Personally, I think Professor Olson is being generous here putting us at Step 6. I'd put us more at 7 headed for 8. You want to see Step 8 in all its glory, look at the bubble-wrapped, nanny-state, socialist nightmare that is formerly-Great Britain.

We have two years to work toward breaking the back of the Democratic majority in Congress. Two years after that, we need to revitalize the Republican party so a truly viable candidate ensures Obama will be a one-term President. While it's a pleasant fantasy to expect people like Peggy The Moocher to turn on their great savior when he does not in point of fact make all their nasty bills go away with a snap of his fingers, we cannot afford to depend on it.

Alexis de Tocqueville said, "In a democracy, the people get the government they deserve." Well, we got it, folks. If we don't like it, we have to fix it ourselves.

8 comments:

Rio Arriba said...

Good post, and pretty much right on the mark.

31%? That's outrageous. Under the circumstances it's not even understandable.

Rob Taylor said...

I voted for McCain but I understand the temptation to skip it. Obama's playing the siren call of bi-partisanship while McCain began setting up Sarah Palin as the fall guy almost immediately. Hell I told my wife last week that if McCain loses the day after the election they'll blame palin, and sure enough while watching Fox there it was.

What bothers me more is how we picked McCain in the first place, then when we saw he was behind spent no time trying to take back seats. By the gos the party abandoned Michelle Bachman a week before the election for voicing an opinion.

My wife and I are already contacting our state GOP to get to work, making us a big tent again where we stick to the values of Lincoln and Reagan and win elections by making the case to the American people that Republicanism, not "change" or "reform" is the best thing for America.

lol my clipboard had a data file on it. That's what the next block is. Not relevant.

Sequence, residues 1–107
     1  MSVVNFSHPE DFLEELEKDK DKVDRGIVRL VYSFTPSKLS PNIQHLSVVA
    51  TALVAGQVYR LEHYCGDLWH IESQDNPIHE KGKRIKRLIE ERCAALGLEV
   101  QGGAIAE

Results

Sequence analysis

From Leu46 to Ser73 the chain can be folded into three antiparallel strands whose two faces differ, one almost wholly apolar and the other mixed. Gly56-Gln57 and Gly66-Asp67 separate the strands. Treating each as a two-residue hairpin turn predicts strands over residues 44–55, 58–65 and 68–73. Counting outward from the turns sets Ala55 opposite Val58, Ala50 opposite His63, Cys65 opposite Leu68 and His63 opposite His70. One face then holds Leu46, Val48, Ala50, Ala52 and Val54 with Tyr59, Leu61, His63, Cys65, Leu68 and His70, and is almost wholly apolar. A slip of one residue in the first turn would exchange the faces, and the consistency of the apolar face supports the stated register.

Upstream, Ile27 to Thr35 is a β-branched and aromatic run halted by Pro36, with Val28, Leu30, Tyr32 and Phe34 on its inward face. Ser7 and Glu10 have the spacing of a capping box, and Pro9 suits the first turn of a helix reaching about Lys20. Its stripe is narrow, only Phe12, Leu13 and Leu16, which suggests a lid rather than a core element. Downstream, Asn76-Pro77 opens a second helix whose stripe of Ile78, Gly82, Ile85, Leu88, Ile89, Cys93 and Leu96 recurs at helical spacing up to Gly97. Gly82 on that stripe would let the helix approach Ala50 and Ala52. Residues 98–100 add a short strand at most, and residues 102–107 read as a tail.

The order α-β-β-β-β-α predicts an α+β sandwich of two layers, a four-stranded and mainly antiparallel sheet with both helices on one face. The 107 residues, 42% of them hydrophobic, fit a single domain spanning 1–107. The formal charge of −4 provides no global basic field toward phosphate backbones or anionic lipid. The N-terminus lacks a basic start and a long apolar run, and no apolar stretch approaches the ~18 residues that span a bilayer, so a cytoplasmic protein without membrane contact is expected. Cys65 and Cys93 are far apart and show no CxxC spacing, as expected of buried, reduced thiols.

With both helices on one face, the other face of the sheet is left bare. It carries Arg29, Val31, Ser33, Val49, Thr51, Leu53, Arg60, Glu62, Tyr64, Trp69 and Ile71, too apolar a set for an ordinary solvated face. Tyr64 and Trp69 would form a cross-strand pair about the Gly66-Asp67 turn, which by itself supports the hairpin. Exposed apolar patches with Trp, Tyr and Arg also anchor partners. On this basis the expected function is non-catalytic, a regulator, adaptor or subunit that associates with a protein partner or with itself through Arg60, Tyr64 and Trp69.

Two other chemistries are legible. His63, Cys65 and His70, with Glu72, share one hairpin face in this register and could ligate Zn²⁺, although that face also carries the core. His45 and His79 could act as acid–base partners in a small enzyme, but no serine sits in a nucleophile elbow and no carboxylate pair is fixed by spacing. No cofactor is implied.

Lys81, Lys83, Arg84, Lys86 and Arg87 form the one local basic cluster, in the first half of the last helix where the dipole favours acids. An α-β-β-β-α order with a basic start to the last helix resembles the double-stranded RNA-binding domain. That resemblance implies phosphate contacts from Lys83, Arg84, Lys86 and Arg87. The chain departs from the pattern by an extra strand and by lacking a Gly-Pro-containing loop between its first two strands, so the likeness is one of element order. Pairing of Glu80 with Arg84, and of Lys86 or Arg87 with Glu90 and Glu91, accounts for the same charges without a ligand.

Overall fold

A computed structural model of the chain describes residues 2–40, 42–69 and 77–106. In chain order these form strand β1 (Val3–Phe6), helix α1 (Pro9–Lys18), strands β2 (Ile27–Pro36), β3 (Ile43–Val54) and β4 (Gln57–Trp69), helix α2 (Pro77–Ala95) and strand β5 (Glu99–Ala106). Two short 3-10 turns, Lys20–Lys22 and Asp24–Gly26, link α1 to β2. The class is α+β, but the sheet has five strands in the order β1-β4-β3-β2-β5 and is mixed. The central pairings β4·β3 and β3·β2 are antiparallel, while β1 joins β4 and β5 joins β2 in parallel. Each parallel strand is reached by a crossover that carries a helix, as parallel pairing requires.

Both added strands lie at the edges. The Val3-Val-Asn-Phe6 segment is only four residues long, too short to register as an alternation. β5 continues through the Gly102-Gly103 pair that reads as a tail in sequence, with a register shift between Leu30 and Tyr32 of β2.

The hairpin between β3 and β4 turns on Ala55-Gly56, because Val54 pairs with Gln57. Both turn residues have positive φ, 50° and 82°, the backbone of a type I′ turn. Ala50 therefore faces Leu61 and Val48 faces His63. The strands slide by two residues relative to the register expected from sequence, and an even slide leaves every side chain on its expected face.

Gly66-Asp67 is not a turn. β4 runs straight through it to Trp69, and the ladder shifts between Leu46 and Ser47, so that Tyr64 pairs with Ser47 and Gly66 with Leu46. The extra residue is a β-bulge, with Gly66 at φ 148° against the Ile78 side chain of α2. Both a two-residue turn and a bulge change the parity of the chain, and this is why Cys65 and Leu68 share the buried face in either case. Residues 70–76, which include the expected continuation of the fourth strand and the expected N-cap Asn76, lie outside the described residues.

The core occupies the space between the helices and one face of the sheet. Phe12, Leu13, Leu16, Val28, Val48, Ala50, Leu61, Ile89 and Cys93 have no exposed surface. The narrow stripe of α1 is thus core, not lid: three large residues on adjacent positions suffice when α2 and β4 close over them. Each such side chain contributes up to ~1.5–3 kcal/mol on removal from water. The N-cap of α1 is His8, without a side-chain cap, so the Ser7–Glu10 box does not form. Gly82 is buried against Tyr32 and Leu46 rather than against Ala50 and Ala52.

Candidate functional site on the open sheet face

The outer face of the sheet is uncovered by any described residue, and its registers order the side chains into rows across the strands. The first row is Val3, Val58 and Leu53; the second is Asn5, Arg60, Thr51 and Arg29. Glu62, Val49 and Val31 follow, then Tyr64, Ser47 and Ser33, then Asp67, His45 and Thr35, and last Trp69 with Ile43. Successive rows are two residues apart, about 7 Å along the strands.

Chuck said...

Rob, I guess I slept through the part where "we" picked McCain in the the first place. Maybe I was dreaming, but I thought the party insiders picked him long before the convention, and certainly long before the end of the primary season.

Wasn't the "big tent" argument the one that McCain and the moderates were making with their "I'll reach across the aisle/I can work with the other side/I'll nominate Democrats to my cabinet" lines? "Republicanism" is what got us to where we are today with massive debt, wasteful spending, and a bigger, less responsive and more intrusive government than ever!

Homeland Security, TSA, an anti-gun head of BATFE, an FBI director who doesn't think that the Second Amendment is an individual right, and the nationalization of the banking and mortgage industries (with more to follow) -- all these came about on the Republican watch. "Going along" with liberals only furthers their socialist agenda.

It should fill you with outrage to think that "Republicans" set the stage for President Obama's "Civilian National Security Force" by creating a Department of Homeland Security. When the brownshirts -- oops, CNSF -- break down your door to "collect" your outlawed guns and "escort" you to the re-education camps, think back on how much "Republicans" did to pave the road to hell by reaching across, collegially, to the Left.

The principles of Lincoln and Reagan are embodied in conservatism -- an unyielding adherence to the principles and words of the Constitution and the Bill of Rights. Not "Republicanism," which any more seems to embody corporate welfare at the expense of individual rights, and an occasional "red herring" to crowds which believe that the Bill of Rights is really a vehicle for banning the deviant behavior du jour.

Reagan said, "I didn't abandon the Democratic party; the Democratic Party abandoned me!" That's the way I feel about the GOP today.

Hecate's right that we got the government we deserve. I blackened the ovals for all the Republican candidates, but the individual and corporate moochers won the day because Republicans didn't offer an alternative.

The Republican party does need change and reform if it's ever going to be more than the "loyal opposition" in a one and a half party system.

It needs to start at the grass roots, in the school boards and in the universities, in city councils, in the bureaucracies, in the charitable foundations -- all the places that Bill Ayers and Bernadine Dohrn and Barack Obama and ACORN co-opted over the last few decades. And maybe it needs to borrow a page or two from Saul Alinsky's tactics manual to do it. But without a clear message of individualism vs statism, and rights vs privileges, it's going nowhere.